It’s Sunday and Brunch is back! This week continues my series of SPSFC features with Dim Stars author Brian P. Rubin!
Dim Stars was one of our team’s semifinalist reads and we generally agreed that it is a solidly entertaining read, with good themes and the cutest octopus. Unfortunately Brian told me that we can’t adopt the little guy 🤣
Anyway, read on for our chat about sci-fi themes, nerdy things, writing books that everyone can enjoy, and tons more! P.S. the book is .99 on Kindle right now so go go! Link at the bottom!
🥞Welcome to the Sunday Brunch Series! Can you tell everyone something about yourself that’s not in your author bio?
🎤Thanks for the welcome! One thing I don’t mention in my bio — or at least one thing I don’t mention with much detail — is that I’ve been in several bands throughout my life as a drummer. When I first moved to the Twin Cities here in Minnesota, I met some cool guys and formed a bluesy bar band called The Lost Wheels. We wrote and released our own album independently, and we even won a contest for the Twin Cities’ best blues band — though, the contest was put on by a local barbecue restaurant chain, so I’m not sure it was the major accomplishment it might seem.
🥞What’s your brunch order today?
🎤I am pathetically addicted to the sausage, egg, and biscuit sandwich at McDonald’s. It’s bad for me, but I love it. So whatever the closest, non-Mcdonald’s equivalent of that might be. Plus a hash brown and a black coffee, of course.
🥞Congrats on making the SPSFC semifinalists! How do you feel about the competition overall?
🎤Thank you! It’s been really cool to watch the contest unfold, and I’ve been exposed to a lot of extremely cool books. I’m currently reading fellow semi-finalist Dito Abbot’s “Debunked”! I’m really enjoying it, and I’ve got a ton of other great additions to my Kindle library as a result of the contest that I’m looking forward to diving into eventually.
That said, I have felt a bit of confusion throughout the contest about scoring, like when and where written reviews of the entrants would be published…things like that. It feels a bit more opaque than I’d have liked in some spots, you know?
We do know 🤷♀️ it was up to each team to decide when and how much review content to release, if they publish any at all, and everyone took a wildly different approach.
🥞What originally drew you into writing science fiction?
🎤I’ve always been geared towards sci-fi in one way or another — superheroes and comic books have held a lot of space in my brain for my whole life. Star Trek, likewise, was seemingly always on in the background of my house as I was growing up. So when I finally started writing this book, I just felt naturally attracted to the genre. It also freed me to get silly or strange with things. Dim Stars is definitely not hard science fiction, so whenever I wanted something strange or funny to happen, I didn’t feel too restricted by the constraints of reality — I just went for it and said, “it’s science fiction, it’s fine” when I didn’t have full explanations for things.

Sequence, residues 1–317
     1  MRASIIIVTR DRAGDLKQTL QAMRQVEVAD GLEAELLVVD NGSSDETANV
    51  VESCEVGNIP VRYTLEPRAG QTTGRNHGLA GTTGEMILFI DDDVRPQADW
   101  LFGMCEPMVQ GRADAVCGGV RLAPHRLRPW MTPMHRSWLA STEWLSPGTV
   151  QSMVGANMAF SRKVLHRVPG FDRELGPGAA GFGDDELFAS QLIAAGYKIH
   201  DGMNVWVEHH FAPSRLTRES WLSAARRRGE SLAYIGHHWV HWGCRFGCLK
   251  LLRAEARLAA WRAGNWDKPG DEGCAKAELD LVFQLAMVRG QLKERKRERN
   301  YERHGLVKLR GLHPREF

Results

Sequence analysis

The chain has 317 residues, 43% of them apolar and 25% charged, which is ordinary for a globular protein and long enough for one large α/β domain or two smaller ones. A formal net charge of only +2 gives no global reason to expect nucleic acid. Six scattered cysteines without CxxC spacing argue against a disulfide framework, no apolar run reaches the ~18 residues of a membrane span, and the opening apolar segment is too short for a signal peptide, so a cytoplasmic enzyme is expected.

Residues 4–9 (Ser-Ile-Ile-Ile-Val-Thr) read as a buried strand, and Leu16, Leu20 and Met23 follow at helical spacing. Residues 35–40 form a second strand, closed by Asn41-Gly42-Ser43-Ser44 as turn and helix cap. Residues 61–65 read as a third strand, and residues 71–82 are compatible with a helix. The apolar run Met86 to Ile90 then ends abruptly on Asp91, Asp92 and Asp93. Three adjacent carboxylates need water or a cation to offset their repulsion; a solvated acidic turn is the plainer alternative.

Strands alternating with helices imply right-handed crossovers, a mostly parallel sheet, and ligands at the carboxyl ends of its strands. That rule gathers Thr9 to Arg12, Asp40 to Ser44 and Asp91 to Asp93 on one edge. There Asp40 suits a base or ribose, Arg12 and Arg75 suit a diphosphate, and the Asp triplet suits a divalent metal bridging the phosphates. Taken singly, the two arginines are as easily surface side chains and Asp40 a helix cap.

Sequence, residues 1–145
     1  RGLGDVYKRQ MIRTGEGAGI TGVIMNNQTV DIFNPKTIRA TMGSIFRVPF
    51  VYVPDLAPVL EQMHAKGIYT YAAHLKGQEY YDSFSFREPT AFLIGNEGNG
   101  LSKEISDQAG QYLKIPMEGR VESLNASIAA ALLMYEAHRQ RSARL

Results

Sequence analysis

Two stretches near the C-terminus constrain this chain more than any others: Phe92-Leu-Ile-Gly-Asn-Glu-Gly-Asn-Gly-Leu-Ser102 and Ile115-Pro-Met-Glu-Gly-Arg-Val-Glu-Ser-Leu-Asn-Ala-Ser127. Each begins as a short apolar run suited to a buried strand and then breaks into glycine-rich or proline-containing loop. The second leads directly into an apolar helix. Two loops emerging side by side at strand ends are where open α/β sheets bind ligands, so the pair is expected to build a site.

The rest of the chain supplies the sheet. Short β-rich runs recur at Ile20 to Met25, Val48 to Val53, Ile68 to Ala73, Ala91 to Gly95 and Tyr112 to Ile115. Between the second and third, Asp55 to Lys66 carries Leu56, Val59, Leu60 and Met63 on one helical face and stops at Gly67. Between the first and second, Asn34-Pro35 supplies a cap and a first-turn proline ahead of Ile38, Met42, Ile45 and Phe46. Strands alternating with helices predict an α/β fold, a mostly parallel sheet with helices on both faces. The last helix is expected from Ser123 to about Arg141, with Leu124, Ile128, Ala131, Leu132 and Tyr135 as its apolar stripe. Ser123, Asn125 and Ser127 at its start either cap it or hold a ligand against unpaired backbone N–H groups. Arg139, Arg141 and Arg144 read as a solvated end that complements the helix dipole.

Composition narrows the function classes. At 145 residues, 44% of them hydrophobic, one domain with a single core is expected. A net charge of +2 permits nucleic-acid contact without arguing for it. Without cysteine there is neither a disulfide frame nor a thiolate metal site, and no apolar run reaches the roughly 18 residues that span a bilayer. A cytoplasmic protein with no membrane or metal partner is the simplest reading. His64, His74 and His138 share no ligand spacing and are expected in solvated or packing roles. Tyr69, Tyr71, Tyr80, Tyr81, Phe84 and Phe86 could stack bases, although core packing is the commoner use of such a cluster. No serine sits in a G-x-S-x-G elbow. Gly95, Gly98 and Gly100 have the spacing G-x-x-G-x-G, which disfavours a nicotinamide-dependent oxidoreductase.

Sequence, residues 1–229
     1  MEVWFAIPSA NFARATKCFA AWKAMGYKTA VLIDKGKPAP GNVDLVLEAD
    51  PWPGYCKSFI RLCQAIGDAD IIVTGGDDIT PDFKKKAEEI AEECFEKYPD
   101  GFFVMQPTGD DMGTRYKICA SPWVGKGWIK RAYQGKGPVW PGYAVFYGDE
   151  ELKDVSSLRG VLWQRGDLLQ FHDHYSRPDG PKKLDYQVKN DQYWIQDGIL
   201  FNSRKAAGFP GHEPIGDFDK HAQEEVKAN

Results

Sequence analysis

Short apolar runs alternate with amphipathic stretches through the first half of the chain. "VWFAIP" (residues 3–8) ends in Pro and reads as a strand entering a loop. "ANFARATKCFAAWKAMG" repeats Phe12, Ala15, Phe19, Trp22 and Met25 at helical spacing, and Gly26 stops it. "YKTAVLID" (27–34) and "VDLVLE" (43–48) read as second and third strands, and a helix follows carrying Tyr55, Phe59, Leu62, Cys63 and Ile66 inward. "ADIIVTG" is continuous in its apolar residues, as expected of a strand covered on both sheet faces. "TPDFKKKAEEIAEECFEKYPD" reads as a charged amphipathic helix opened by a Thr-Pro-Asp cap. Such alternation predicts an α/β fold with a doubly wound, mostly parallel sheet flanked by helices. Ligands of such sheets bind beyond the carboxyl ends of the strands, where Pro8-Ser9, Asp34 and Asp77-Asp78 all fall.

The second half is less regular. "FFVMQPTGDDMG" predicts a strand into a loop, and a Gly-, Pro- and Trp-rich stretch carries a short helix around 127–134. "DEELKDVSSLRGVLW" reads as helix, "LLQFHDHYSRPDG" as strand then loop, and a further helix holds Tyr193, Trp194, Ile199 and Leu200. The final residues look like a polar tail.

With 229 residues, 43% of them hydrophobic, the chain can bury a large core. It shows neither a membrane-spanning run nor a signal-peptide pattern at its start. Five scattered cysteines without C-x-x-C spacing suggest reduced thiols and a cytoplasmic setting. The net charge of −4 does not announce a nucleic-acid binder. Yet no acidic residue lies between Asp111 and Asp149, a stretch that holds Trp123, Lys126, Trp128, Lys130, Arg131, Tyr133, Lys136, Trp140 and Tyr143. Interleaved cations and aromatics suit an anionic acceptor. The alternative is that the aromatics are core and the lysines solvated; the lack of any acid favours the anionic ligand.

Even still, I did try hard to make sure that if I needed to rely on physics or biology for various plot developments, that I did as much research as I could to make sure it would work. I wanted what I was writing to at least be plausible and not fall apart immediately if it was held up to any scrutiny. I hope I succeeded!
🥞Was the goal to write for a younger audience or did Dim Stars just take that course naturally?
🎤I don’t think I necessarily set out to do YA or Middle Grade as much as I just wanted to do something for general audiences. I wanted as many people as possible to be able to read it and enjoy it, and I do feel as though I’ve managed to do that. To me, Dim Stars isn’t necessarily mature or juvenile — I was just targeting the same vibe in terms of subject matter that the average network sitcom might also hit without anyone batting an eye.
A show like, say, Abbott Elementary is the kind of thing the whole family could enjoy in different ways, but it neither talks down to its audience, nor talks over anyone’s head. It seems that Middle Grade and YA is where that kind of book lives for the most part, so that’s just generally where I go whenever I write.
🥞I love the theme of dealing with the fallout of heroes not being everything you’ve idolized them to be! What themes and topics do you think are important within Dim Stars?
🎤This is a tough one — one of the main ideas I really wanted to hit on in this book is that of truth vs. deception, and how important it is to not only see others for who they are, but also to see yourself truthfully and honestly. I think Dim Stars’ main characters struggle with that a lot, but by the end they each see each other and themselves a lot more truthfully, and that leads to greater understanding and teamwork between them.